Plan Promises Reform in Oral Healthcare System

Plan Promises Reform  in Oral Healthcare SystemPlan Promises Reform  in Oral Healthcare System

Almost a year after its historic launch, the Health Reform Plan is now poised to target one of the most challenging sectors of healthcare in Iran. Oral hygiene is one area where the country has long struggled due to negligence and lack of insurance coverage - a set of conditions that have relegated Iran to the lowest common denominator in oral care.  The near extortionate costs of dental care have only made it affordable to a selected few.

Data from Tooth Decay Prevention Center at Iran University of Medical Sciences  indicates that on average, 12 year-olds have 2 cavities, 15 year-olds 3, 18 year-olds 4, 35 year-olds 9 and people in their 40’s have 12 cavities. Figures that demand the latest phase of the health overhaul plan start delivering. The health ministry says the plan which officially took off on Sunday has ‘’prevention’’ at the forefront.

‘’The programs include unilateral initiatives by the ministry itself as well as coordinated measures in collaboration with the ministry of education to familiarize schoolchildren with oral care’’, said Saeed Asgari, secretary of the Oral Health Council at the ministry of health. Asgari says cooperation from primary insurances would be key to the success of the plan.  “Besides these programs we also are focused on the quality of dental care services.”  

What remains uncertain, however, is the extent to which the plan reaches out to rural communities - which are woefully deficient in dental care. According to the Persian-language daily Sharq, 25% of the rural population lack access to dental care, with many villages empty of dentists altogether.

  Mission Impossible

Dr. Hussein Hesari, research deputy at the tooth decay prevention center says the current level of dental care is simply inadequate to fully address the existing challenges. He maintains that in the prevailing economic landscape and given the scale of the problems, a full resolution of the problem is not difficult, it is simply impossible - no matter how advanced the medical system.

‘’All things considered, there is no better option than prevention. We cannot handle the current load and therefore should concentrate all our efforts on prevention’’.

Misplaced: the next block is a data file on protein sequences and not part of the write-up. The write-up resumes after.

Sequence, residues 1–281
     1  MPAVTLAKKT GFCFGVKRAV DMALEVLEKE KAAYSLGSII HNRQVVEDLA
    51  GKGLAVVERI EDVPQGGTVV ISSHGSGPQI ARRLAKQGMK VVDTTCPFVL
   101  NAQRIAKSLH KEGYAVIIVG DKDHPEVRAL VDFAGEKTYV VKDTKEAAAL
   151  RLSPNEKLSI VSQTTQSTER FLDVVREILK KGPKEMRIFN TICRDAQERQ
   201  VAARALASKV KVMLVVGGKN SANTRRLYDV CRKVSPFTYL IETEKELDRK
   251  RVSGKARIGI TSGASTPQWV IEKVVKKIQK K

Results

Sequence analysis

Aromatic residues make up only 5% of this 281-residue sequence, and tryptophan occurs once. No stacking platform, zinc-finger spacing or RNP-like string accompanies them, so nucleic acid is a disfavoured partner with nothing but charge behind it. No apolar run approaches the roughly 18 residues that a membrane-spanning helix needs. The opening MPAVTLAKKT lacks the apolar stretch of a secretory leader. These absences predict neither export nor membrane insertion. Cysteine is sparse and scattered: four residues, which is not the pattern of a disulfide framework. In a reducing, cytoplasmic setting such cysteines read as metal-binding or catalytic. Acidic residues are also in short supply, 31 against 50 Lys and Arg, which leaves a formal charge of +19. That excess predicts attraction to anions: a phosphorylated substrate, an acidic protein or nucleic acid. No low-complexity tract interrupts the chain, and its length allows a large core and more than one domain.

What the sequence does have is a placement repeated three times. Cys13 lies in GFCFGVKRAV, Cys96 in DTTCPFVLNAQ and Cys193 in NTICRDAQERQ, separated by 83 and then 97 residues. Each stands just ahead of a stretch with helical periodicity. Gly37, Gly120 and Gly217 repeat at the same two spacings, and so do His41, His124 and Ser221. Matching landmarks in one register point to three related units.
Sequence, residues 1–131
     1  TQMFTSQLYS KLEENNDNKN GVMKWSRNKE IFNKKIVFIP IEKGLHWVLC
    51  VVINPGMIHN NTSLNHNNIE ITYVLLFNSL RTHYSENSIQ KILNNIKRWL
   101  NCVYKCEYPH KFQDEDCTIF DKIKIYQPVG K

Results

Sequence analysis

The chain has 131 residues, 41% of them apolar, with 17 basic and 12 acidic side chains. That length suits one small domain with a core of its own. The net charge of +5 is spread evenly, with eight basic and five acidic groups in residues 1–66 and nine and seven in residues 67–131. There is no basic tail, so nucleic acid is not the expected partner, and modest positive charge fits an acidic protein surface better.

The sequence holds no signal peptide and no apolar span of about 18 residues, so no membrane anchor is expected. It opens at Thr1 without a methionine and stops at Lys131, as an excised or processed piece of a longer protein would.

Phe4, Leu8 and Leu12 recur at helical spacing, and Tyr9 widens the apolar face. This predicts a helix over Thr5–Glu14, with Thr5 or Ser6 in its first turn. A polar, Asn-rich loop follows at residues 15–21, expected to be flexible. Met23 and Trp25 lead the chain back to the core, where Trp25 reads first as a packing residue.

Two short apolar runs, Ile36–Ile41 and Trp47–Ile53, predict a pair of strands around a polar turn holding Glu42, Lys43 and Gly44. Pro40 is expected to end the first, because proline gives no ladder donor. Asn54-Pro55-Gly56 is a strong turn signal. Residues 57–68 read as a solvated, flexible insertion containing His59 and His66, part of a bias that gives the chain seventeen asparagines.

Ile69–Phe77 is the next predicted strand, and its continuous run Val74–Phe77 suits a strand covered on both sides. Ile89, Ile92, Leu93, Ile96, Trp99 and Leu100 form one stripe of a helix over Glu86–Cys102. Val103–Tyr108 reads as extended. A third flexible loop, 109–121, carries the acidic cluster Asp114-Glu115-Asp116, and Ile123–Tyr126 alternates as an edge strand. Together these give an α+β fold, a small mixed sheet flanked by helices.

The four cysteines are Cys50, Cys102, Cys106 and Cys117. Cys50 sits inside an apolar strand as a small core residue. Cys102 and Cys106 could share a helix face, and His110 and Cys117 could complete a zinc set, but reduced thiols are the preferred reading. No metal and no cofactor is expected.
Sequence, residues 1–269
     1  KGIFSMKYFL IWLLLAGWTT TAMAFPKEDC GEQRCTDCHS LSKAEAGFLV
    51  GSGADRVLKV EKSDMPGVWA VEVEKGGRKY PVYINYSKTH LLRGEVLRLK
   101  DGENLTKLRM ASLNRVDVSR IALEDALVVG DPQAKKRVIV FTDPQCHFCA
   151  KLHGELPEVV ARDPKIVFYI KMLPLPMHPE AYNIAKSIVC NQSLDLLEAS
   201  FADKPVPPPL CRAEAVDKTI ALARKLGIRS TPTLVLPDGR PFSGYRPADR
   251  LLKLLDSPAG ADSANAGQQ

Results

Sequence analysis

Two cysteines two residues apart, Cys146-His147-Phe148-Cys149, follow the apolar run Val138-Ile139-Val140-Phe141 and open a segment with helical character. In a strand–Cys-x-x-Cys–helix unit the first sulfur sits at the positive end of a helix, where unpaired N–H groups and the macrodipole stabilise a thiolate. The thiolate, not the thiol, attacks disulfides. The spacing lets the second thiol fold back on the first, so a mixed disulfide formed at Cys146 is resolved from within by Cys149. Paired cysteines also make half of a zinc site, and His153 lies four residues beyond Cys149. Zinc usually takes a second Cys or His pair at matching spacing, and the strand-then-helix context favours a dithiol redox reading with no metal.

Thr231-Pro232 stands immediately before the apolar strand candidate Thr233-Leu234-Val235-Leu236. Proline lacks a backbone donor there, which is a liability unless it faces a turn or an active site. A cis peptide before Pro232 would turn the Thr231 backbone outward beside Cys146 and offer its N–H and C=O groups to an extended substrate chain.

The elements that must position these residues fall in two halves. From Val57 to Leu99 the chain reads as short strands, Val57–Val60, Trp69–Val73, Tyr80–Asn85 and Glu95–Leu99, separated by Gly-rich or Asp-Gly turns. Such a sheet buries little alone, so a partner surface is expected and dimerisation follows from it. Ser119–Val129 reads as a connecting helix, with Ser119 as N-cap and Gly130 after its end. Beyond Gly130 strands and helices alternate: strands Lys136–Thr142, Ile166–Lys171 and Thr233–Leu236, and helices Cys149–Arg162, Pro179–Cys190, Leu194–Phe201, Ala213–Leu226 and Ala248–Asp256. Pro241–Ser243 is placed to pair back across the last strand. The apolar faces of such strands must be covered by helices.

Referring to some countries that have been successful in their preventive programs in oral health, Hesari says, ‘’ Scandinavian countries along with Australia, New Zealand, Canada and Britain have been able to keep the rate of tooth problems low merely by stepping up prevention’’.  

He drew parallels between the prevalence of tooth extraction in Iran and France saying that on average, Iranians by the time they are in their 40’s  have had seven teeth pulled which leaves them with 21 or 22 healthy teeth. ‘’ This is while in France people in their 40’s have on average 28 healthy teeth which means they try to preserve their teeth with all possible methods while in Iran pulling  out the teeth has become the norm’’, Hesari said, hoping that that tooth extraction will reduce in the coming years.

  Insurance in Limbo

Another hurdle to efficient oral care is the hazy status of dental insurance. Hesari says although a law was passed recently to provide insurance coverage for dental care, surprisingly no dentist has so far shown interest in signing a contract with the Social Security Organization. He attributes the reason for the aversion of dentists to unrealistic SSO tariffs on dental services which discourage dentists from any insurance schemes on offer by the state bodies or otherwise.

‘’Unrealistic tariffs are also depriving people from quality  dental care which has created a host of problems for them – including living with tooth decay which makes their lives rather miserable.”